• 5.
    Melik, Wessam
    et al.
    Södertörn University, School of Life Sciences, Molecular biology. Södertörn University, School of Life Sciences, Chemistry.
    Ellencrona, Karin
    Södertörn University, School of Life Sciences.
    Wigerius, Michael
    Södertörn University, School of Life Sciences, Molecular biology. Södertörn University, School of Life Sciences, Chemistry.
    Elväng, Annelie
    Södertörn University, School of Life Sciences, Molecular biology.
    Hedström, Chister
    Södertörn University, School of Life Sciences, Molecular biology.
    Johansson, Magnus
    Södertörn University, School of Life Sciences, International health. Södertörn University, School of Life Sciences, Chemistry.
    Two PDZ binding motifs within NS5 have roles in Tick-borne encephalitis virus replication2012In: Virus Research, ISSN 0168-1702, E-ISSN 1872-7492, Vol. 169, no 1, 54-62 p.Article in journal (Refereed)
    Abstract [en]

    The flavivirus genus includes important human pathogens like Tick-borne encephalitis virus (TBEV), Dengue virus (DV) and West-Nile virus (WNV), that can cause severe disease e.g. encephalitis or hemorrhagic fever. The NS5 protein is a multifunctional RNA dependent RNA polymerase indispensable for the flavivirus replication. We have previously shown that TBEVNS5 contains a unique internal PDZ binding motif (YS223) for specific targeting of the PDZ protein Scribble. This interaction has impact on both viral down regulation of host cellular defense systems and neurite outgrowth. Putative C-terminal PDZ binding motifs present in TBEVNS5 (-SII903) and WNVNS5 (-TVL905) have also previously been highlighted.

    To determine whether the PDZ binding motifs of TBEVNS5 has an effect on virus replication we constructed a DNA based sub-genomic TBEV replicon expressing firefly luciferase. The motifs within NS5 were mutated individually and in concert and the replicons were assayed in cell culture. Our results show that the replication rate was impaired in all mutants, which indicates that PDZ dependent host interactions influence flavivirus replication.We also find that the C-terminal PDZ binding motif present in TBEVNS5 and WNVNS5 are targeting various human PDZ domain proteins. TBEVNS5 has high affinity to Zonulaoccludens-2 (ZO-2),GIAP C-terminus interacting protein (GIPC), Calcium/calmodulin-dependent serine protein kinase (CASK) and Interleukin 16 (IL-16).A different pattern was observed for WNVNS5 as it associated with IL-16, and several other putative interaction partners.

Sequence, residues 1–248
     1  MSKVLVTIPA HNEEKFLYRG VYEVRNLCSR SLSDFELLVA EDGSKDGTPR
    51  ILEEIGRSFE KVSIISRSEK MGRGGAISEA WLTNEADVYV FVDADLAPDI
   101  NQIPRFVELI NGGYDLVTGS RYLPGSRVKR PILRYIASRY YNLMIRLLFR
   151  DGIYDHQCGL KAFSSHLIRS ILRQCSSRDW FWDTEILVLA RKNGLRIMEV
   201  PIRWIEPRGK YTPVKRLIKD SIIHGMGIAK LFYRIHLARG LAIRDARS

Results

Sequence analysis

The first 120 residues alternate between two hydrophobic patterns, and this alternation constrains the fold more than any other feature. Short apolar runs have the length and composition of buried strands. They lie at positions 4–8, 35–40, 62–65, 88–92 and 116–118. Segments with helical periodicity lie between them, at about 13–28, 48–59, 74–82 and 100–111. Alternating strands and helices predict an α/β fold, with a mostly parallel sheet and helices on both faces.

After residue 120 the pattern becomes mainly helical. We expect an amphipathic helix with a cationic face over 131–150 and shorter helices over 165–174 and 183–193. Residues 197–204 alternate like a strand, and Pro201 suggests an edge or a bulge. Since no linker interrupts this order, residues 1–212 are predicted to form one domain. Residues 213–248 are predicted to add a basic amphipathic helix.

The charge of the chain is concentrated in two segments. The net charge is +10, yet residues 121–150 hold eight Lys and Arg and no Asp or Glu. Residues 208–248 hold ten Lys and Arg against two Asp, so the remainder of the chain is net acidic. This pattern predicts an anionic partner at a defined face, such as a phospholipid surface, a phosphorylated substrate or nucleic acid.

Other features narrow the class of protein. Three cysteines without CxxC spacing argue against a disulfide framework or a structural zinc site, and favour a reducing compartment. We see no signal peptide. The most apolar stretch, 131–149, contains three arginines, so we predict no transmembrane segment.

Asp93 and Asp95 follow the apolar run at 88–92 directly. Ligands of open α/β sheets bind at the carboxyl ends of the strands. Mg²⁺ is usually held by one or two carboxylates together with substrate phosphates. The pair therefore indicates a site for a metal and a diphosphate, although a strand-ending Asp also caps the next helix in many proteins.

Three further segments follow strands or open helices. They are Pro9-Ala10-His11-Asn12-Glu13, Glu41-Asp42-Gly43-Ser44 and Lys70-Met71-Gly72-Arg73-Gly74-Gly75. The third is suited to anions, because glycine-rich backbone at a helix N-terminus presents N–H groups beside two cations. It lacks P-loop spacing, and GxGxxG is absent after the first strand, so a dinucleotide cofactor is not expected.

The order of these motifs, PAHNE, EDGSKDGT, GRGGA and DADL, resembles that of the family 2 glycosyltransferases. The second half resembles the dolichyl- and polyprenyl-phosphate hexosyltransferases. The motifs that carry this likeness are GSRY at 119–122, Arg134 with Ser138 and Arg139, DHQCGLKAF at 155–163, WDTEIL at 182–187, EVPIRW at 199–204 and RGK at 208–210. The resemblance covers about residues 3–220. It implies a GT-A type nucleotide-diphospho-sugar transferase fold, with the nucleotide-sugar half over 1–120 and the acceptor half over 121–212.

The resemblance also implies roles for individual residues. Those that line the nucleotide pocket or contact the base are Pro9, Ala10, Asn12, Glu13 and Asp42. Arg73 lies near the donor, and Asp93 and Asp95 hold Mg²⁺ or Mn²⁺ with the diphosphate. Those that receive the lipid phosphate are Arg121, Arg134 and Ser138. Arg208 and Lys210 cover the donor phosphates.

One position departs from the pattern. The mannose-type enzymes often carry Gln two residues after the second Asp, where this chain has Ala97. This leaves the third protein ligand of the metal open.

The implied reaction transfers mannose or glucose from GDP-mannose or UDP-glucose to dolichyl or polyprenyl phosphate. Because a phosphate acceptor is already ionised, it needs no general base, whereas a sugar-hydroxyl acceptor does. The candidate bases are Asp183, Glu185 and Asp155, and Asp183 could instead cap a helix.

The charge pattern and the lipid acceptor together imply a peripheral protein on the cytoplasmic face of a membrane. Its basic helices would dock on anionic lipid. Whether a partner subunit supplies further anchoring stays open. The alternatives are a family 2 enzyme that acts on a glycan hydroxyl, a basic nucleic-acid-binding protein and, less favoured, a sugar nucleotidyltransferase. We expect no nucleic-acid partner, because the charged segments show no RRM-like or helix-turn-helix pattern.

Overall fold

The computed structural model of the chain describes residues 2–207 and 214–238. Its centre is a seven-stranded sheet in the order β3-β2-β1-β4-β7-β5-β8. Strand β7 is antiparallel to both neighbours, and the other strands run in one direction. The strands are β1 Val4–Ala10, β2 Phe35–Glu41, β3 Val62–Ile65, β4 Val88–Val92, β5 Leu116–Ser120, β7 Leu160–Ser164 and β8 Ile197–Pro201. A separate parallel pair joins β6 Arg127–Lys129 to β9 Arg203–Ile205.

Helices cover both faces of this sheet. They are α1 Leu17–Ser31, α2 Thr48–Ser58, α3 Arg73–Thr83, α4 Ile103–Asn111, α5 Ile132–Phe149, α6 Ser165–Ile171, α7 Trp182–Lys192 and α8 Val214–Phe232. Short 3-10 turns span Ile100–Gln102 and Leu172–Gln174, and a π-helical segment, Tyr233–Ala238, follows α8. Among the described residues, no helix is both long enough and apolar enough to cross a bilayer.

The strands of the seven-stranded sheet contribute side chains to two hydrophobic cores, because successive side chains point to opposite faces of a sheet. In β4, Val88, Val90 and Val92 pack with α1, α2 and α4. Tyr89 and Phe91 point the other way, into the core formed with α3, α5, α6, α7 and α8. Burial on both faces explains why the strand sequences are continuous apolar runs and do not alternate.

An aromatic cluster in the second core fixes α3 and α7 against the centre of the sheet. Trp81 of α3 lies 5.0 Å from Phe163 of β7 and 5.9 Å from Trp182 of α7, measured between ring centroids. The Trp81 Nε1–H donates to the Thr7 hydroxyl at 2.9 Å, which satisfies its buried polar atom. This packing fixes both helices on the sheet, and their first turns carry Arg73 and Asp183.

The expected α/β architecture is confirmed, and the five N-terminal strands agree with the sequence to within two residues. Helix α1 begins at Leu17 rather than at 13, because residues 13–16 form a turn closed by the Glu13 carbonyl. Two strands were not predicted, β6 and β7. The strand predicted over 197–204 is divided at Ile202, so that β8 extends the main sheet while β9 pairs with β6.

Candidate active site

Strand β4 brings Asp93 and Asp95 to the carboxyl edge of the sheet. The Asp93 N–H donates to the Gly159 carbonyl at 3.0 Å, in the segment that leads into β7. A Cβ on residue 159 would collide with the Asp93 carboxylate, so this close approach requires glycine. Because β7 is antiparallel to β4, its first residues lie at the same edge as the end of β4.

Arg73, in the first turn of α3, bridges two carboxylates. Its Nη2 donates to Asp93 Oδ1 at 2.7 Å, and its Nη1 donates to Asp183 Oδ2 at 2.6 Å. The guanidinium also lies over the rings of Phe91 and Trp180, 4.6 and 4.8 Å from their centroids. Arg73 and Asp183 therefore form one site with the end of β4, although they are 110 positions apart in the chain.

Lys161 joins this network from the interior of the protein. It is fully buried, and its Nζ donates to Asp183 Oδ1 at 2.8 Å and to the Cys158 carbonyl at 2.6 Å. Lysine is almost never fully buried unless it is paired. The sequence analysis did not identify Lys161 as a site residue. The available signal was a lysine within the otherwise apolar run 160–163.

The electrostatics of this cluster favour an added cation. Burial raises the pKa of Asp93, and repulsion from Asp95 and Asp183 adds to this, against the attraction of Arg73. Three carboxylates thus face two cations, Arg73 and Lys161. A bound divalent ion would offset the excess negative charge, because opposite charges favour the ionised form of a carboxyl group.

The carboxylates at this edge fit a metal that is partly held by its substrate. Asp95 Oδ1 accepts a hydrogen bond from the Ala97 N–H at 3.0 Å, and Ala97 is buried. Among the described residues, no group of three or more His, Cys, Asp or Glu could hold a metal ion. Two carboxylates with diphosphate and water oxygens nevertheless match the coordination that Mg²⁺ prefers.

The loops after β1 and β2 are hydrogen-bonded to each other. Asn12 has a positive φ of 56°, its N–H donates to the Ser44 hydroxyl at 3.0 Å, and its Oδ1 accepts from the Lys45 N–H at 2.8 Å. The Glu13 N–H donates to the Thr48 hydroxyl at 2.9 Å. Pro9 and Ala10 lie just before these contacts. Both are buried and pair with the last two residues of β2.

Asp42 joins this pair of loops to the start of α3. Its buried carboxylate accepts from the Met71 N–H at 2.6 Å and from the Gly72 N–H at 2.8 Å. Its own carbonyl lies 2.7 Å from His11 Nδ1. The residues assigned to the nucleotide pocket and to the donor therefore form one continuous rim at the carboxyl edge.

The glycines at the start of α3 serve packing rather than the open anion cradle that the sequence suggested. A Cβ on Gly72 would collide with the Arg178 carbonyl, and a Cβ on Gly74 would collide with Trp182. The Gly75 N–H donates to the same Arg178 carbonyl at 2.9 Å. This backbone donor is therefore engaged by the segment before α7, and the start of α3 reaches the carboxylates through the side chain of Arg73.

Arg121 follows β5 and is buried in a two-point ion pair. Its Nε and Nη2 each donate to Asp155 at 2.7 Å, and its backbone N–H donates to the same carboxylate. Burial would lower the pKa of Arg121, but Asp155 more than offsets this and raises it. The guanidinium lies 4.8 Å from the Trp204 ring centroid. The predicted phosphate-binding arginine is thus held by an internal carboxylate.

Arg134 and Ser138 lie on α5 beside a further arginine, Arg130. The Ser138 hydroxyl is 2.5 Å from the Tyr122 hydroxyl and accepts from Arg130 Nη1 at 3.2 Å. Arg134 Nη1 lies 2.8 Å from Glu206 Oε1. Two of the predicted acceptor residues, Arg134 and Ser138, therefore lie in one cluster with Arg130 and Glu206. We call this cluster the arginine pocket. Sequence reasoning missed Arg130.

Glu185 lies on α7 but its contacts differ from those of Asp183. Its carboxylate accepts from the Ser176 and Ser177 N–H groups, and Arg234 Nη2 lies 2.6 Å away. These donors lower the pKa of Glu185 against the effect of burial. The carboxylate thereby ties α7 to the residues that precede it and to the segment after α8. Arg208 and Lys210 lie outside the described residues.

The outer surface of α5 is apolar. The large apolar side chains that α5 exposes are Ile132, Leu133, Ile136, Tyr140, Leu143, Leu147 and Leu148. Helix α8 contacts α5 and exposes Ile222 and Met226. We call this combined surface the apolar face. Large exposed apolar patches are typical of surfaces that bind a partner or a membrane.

• 6.
    Wigerius, Michael
    et al.
    Södertörn University, School of Life Sciences, Molecular biology. Södertörn University, School of Life Sciences, Chemistry.
    Johansson, Magnus
    Södertörn University, School of Life Sciences, International health. Södertörn University, School of Life Sciences, Chemistry.
    SCRIBBLE SCAFFOLDS KEY COMPONENTS IN NEURITE OUTGROWTHIMPLICATING DIRECT INVOLVEMENT IN CYTOSKELETON REGULATIONManuscript (preprint) (Other academic)
  • 7.
    Wigerius, Michael
    et al.
    Södertörn University, School of Life Sciences, Chemistry. Södertörn University, School of Life Sciences, Molecular biology.
    Melik, Wessam
    Södertörn University, School of Life Sciences, Chemistry. Södertörn University, School of Life Sciences, Molecular biology.
    Elväng, Annelie
    Södertörn University, School of Life Sciences, Molecular biology.
    Johansson, Magnus
    Södertörn University, School of Life Sciences, Chemistry. Södertörn University, School of Life Sciences, International health.
    Rac1 and Scribble are targets for the arrest of neurite outgrowth by TBE virus NS52010In: Molecular and Cellular Neuroscience, ISSN 1044-7431, E-ISSN 1095-9327, Vol. 44, no 3, 260-271 p.Article in journal (Refereed)
    Abstract [en]

    Tick-borne encephalitis virus (TBEV) causes extensive CNS disease in humans known as TBE, however, relatively little is known of the molecular mechanisms for its progress. Here, we now show that TBEV produces defects in neuronal development of PC12 cells through a function of the viral NS5 protein. The methyltransferase domain of NS5 is critical and sufficient for restriction of nerve growth factor induced neurite outgrowth. This effect is reversed by expression of NS5 mutants unable to bind Scribble and unexpectedly, in Scribble depleted cells with binding-competent NS5. Furthermore, we also demonstrate that the Rho GTPase Rac1 and the guanine nucleotide-exchange factor, beta PIX are outcompeted by NS5 for binding to Scribble, linking to effects on neurite outgrowth by TBEV. Together, these findings provide the first experimental evidence that Rac1 and beta PIX are indirect targets of NS5 acting through the multifunctional polarity protein Scribble to oppose neuronal differentiation. In conclusion, our results offer a potential mechanism by which TBEV alters neuronal circuitry and opens new avenues for therapeutic interventions.